Brief exposure of neuronal cells to levels of SCFAs observed in human systemic circulation impair
Tiffany A. Fillier, Shrushti Shah, Karen M. Doody, Thu H. Pham, Isabelle Aubry, Michel L. Tremblay, Sukhinder K. Cheema, Jacqueline Blundell & Raymond H. Thomas
Published 23 August 2022
Communication between gut microbiota and the brain is an enigma. Alterations in the gut microbial community affects enteric metabolite levels, such as short chain fatty acids (SCFAs). SCFAs have been proposed as a possible mechanism through which the gut microbiome modulate brain health and function. This study analyzed for the first time the effects of SCFAs at levels reported in human systemic circulation on SH-SY5Y human neuronal cell energy metabolism, viability, survival, and the brain lipidome. Cell and rat brain lipidomics was done using high resolution mass spectrometry (HRMS). Neuronal cells viability, survival and energy metabolism were analyzed via flow cytometer, immunofluorescence, and SeahorseXF platform. Lipidomics analysis demonstrated that SCFAs significantly remodeled the brain lipidome in vivo and in vitro. The most notable remodulation was observed in the metabolism of phosphatidylethanolamine plasmalogens, and mitochondrial lipids carnitine and cardiolipin. Increased mitochondrial mass, fragmentation, and hyperfusion occurred concomitant with the altered mitochondrial lipid metabolism resulting in decreased neuronal cell respiration, adenosine triphosphate (ATP) production, and increased cell death. This suggests SCFAs at levels observed in human systemic circulation can adversely alter the brain lipidome and neuronal cell function potentially negatively impacting brain health outcomes.
Figure 1 Lipid analysis completed on SH-SY5Y neuronal cells show global alterations due to SCFA treatment. (A) Quality of differentiation and neuronal health in control and treated neurons. (B) C30RPLC/HILIC extraction ion chromatography example (XIC) in −/+ mode respectively of Phosphatidylethanolamine (PE) (m/z750) and Acyl Carnitine (AC) lipids found in neuronal cells (C) C30RP spectrum identification of PE18:0/20:4, isomers PE16:0p/22:4, PE18:0p/20:4 and HILIC spectrum identification D-labeled carnitine species C0 (free carnitine), AC-C4, and AC-C16. (D) Percent change by lipid class of treated neuronal cells vs control for Ceramides (Cer), Glycosylceramide (CerG1), Lyso-Phosphatidylcholine (LPC), Phosphatidylcholine (PC), Phosphatidylethanolamine (PE), Lyso-Phosphatidylethanolamine (LPE), Cardiolipin (CL), Free Carnitine (C0), Total Acyl Carnitine (AC), and OH/short/medium/long/even/odd chained AC. N = 4 samples per treatment group (50 μM, 100 μM, 1000 μM) replicate. (E) Alterations in overall acids, including SCFAs, in complementary rat brain study. Bar charts representative of means ± standard error. Means represented by different superscripts are significantly different at p < 0.05. N = 6 per treatment group, M male, F female, C control, T treated.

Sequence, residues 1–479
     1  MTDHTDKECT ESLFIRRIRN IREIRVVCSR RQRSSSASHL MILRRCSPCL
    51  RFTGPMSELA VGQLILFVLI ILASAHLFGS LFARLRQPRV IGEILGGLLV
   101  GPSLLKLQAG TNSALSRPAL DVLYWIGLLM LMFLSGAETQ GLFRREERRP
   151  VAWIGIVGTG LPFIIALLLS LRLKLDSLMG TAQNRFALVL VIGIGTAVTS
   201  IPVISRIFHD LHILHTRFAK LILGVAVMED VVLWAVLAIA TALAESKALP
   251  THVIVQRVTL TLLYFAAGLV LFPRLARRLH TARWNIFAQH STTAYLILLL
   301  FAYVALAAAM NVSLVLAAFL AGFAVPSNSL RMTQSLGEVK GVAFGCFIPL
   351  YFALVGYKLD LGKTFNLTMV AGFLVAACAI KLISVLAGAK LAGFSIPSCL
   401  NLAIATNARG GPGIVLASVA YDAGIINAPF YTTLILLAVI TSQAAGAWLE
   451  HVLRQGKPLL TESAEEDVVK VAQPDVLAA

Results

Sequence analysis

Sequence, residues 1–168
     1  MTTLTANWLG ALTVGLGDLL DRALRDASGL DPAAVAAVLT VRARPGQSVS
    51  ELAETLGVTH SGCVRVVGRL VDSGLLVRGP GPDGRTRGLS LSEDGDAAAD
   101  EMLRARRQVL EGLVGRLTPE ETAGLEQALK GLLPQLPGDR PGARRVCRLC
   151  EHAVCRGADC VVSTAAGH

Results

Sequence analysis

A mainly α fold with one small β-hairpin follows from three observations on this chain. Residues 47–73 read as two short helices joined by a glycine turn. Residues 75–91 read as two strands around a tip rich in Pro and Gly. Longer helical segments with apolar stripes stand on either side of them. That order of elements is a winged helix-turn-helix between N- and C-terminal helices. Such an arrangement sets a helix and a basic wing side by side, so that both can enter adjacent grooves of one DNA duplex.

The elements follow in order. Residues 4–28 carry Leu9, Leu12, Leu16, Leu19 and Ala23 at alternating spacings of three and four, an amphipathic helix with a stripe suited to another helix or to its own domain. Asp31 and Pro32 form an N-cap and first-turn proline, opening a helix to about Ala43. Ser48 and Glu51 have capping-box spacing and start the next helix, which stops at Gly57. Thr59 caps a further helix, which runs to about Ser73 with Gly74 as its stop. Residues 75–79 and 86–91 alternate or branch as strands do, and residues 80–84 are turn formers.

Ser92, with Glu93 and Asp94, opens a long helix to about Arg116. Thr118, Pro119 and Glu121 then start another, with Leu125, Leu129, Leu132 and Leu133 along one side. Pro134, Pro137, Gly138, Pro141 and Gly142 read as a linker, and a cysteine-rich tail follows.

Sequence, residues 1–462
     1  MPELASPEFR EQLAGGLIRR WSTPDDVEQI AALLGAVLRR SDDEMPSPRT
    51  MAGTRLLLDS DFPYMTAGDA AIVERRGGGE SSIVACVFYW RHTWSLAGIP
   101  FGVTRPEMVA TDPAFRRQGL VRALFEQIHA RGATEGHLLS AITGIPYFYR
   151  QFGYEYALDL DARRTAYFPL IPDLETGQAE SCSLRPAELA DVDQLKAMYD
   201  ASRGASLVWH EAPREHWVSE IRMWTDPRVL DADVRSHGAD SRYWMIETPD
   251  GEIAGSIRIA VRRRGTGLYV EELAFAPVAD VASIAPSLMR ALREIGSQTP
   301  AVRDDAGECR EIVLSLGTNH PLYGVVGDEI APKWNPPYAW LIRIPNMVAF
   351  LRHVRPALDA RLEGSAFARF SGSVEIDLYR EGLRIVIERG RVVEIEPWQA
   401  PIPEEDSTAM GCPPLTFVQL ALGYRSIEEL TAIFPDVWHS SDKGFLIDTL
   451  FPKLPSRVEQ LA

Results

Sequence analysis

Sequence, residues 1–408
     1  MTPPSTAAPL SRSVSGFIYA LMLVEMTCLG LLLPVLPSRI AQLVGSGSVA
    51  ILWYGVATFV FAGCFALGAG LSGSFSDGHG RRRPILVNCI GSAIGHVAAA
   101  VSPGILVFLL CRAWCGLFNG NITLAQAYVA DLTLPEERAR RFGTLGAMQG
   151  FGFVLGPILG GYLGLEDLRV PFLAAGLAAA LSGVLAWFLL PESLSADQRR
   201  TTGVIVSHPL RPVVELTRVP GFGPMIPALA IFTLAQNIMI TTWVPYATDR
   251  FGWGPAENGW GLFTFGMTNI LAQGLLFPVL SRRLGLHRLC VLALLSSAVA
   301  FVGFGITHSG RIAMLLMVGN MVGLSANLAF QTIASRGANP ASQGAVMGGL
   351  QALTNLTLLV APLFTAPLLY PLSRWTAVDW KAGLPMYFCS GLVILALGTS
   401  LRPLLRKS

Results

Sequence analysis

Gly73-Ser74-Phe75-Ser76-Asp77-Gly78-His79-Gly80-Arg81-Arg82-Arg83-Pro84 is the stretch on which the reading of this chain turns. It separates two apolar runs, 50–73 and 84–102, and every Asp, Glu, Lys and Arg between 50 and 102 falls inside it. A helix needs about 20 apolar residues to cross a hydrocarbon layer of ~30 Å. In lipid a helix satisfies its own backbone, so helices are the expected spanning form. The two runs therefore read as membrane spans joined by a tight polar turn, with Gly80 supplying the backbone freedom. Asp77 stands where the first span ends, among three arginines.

Figure 2 Alteration in free carnitine (C0) and acyl-carnitine (AC) composition after SCFA treatment. (A) PCA biplot showing relationship between SCFA treatment and carnitine molecular species. ANOVA revealed significantly (p < 0.05) altered carnitine molecular species in quadrant 1 (B), quadrant 2 (C), quadrant 3 (D) of the PCA. (E) Percent change of treatments vs respective controls for ANOVA significant (p < 0.05) acyl-carnitine species altered in both neuronal cells and Long Evans rat brain. Species determined via PCA and Differential Expression, respectively, prior to ANOVA. Bar charts representative of means ± standard error. Means represented by different superscripts are significantly different at p < 0.05.
Figure 3 Alteration in cardiolipin (CL) composition after SCFA treatment. (A) PCA biplot showing relationship between SCFA treatment and cardiolipin molecular species. ANOVA revealed significantly (p < 0.05) altered CL molecular species in quadrant 2 (B), quadrant 4 (C) of the PCA. Average sum of all ANOVA significant (p < 0.05) CL species altered in (D) neuronal cells and (E) Long Evans rat brain. Species determined by PCA and Differential Expression, respectively, prior to ANOVA. Bar charts representative of means ± standard error. Means represented by different superscripts are significantly different at p < 0.05.